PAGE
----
Thursday, 28 May 2015

Not My Best Moment

Image "Coco"  by Andy Rennie
I'd just awakened from an afternoon nap when the doorbell rang. I went to the door, opened it, and stood gawping at the person at the door. Absolutely no thought went through my head and no words went through my mouth. I was in an utterly moronic state. My hair was mussed, my clothes were rumpled and my eyes still had that just awakened look.

At the door was our newspaper girl. She was, not surprisingly, non-plussed by my demeanor. She, very hesitantly, mentioned she "was collecting" and it was only then that I clued in.

I felt so bad. Can you picture it: you're a young girl, dressed for summer, collecting for newspaper delivery. You ring a customer's doorbell, and who should come to answer your ring but a 50-something, dishevelled old man, overweight, mouth hanging open staring at you with a blank imbecility.

I'm shocked she didn't run in terror.

Monday, 25 May 2015

Additional Thoughts on "Another Group of Three - Pt 3"

Image by bykst (pixabay.com)
I was concerned about the effect my post, Another Group of Three - Pt 3, might have on my recovery. To be safe, I reached out to my counsellors and gave them links to the post.

Not surprisingly, they asked questions, good questions, questions that forced me to think. I took a short sabbatical from posting and gave them the consideration they deserved.

One question I was asked focussed on a couple of sentences from that post. I wrote:
I suffer from Major Depressive Disorder. I will always suffer from Major Depressive Disorder. I've known this for many years but tried to ignore it. By ignoring my illness, I set in motion the causal connections that led to September 2, 2014.

On reflection, these remarks attribute to me an understanding about myself that I didn't have, particularly on September 2, 2014. My near-death on that date and the research and therapies and analyses (both professional and self-directed) that followed, helped me to view my past and recognize additional incidents of prolonged depression. So, although I now realize that I've lived with Major Depressive Disorder for decades, this understanding wasn't always the case.

What I did know was that I was moody, someone we Scots would call a "dour bugger". During my teens, I attributed the moodiness to typical teenage mood swings. When I was older, I attributed them to the stresses of post-secondary studies, or shift work, or money problems, or raising a family, or a bad nights sleep. In other words, the same stresses that everyone experiences. Even though I knew I wasn't always so dour, it didn't occur to me to seek a solution for what I didn't realize to be a problem.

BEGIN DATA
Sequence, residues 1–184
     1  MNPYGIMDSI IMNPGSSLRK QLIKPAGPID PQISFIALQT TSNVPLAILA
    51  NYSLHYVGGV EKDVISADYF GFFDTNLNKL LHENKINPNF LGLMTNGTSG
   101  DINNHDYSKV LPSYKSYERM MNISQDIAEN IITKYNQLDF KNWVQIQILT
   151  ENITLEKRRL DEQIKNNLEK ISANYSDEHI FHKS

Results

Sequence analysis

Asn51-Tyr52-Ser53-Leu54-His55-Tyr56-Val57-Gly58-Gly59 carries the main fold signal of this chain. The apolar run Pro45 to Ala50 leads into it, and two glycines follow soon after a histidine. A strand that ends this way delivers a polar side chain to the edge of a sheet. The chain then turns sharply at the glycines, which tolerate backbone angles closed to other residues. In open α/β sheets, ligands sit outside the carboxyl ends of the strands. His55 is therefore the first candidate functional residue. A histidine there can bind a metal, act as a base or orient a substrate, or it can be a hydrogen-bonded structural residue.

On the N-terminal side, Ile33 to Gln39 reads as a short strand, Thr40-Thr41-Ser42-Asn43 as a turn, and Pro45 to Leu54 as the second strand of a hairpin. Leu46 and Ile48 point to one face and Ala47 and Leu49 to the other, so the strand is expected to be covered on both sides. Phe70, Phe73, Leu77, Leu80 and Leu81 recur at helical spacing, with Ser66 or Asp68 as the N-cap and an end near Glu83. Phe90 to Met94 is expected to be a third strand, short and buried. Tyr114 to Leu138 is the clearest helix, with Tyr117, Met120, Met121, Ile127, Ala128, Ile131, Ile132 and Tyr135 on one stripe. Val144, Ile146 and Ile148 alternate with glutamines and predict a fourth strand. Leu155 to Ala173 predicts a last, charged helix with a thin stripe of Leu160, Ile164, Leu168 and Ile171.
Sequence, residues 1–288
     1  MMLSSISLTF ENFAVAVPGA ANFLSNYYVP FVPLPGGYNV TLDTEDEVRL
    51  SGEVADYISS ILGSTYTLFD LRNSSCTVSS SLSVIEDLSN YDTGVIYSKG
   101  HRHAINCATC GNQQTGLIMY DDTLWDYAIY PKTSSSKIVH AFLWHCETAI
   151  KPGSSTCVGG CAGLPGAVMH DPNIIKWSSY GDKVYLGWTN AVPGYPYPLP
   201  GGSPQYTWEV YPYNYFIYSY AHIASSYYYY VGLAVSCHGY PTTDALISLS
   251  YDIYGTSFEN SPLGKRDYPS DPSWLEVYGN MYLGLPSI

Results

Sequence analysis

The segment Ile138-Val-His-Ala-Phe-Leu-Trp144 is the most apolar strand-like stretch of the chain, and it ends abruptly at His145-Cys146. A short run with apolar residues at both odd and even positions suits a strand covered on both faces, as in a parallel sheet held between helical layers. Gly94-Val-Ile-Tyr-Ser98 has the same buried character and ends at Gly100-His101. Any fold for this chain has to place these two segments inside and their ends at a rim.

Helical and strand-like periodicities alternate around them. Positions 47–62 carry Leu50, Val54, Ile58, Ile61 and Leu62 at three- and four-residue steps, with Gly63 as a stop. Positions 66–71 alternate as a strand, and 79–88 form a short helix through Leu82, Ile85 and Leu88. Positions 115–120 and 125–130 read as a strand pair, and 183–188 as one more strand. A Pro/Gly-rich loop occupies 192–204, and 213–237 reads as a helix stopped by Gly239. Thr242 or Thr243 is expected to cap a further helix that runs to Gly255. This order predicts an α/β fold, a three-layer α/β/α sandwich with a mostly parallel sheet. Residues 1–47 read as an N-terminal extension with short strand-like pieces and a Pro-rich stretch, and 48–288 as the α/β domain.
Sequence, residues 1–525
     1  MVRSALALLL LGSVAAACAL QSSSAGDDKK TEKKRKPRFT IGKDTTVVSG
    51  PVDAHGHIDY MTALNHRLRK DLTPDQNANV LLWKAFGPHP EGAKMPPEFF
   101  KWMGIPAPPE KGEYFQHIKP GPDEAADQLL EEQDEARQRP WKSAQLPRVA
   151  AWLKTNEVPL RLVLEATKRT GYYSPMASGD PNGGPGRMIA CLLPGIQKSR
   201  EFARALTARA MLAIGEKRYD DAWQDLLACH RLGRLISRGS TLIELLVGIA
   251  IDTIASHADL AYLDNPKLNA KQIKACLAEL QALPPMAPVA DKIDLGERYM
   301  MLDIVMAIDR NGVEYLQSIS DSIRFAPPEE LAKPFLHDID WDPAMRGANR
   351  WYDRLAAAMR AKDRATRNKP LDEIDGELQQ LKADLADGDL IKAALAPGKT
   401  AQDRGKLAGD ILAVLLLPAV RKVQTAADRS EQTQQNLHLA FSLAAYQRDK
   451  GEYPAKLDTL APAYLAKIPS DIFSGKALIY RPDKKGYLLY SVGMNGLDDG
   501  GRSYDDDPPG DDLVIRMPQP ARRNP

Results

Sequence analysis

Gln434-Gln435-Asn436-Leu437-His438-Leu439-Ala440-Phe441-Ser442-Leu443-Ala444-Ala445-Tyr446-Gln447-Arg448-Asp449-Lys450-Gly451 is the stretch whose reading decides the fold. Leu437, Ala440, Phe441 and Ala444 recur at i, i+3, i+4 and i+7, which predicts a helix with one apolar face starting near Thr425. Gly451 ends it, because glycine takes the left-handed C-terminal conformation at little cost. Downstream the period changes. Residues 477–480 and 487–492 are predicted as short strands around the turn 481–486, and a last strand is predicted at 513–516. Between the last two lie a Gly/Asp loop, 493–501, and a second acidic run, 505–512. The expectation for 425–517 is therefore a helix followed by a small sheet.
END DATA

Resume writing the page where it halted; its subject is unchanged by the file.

Image "Hiding Cat"
by The Next Web Photos
I also knew that there were days, which I called Black Days, where the best thing I could do was stay in my room with a pillow over my eyes and let the mood work itself away. The solitude soothed me and helped me regain balance.

Initially, these Black Days never seemed to stick around for long. They came, and they went. I didn't see them as the harbingers of the larger issue that they clearly were. Over time though, as these things are wont to do, the episodes of The Black grew in frequency, duration and, to my everlasting regret, depth of despair. Again, I see this now. I didn't truly see it then immersed in each cycle as I was.

You see, as I mentioned above, when I was in the midst of an episode there was always some external event (employment instability, marital breakup, financial woes and the like). The setback suggested my grim mood was a natural reaction. Everybody has setbacks, and everybody reacts to them in different ways. But, with time the grimness dissipated and my mood improved. Since The Black went away, I didn't think I needed help.

Now, why did I use the word "truly" above? It's a small concession to a troubling possibility: somewhere deep within myself I knew that these episodes of Black Days were more than a reaction to the typical stresses of life. If this is so, I did, as I wrote in the sentences quoted above, ignore my illness and set in motion the causal events that led to my attempted suicide. But I'm also able to accept that I didn't recognize the real danger of The Black since it was, after all, not uncommon and did go away. So, I may have suspected a larger problem but since it wasn't causing any real harm, I gave it only passing consideration. I didn't, I must stress, think that I was suffering from a mental illness - a mood disorder.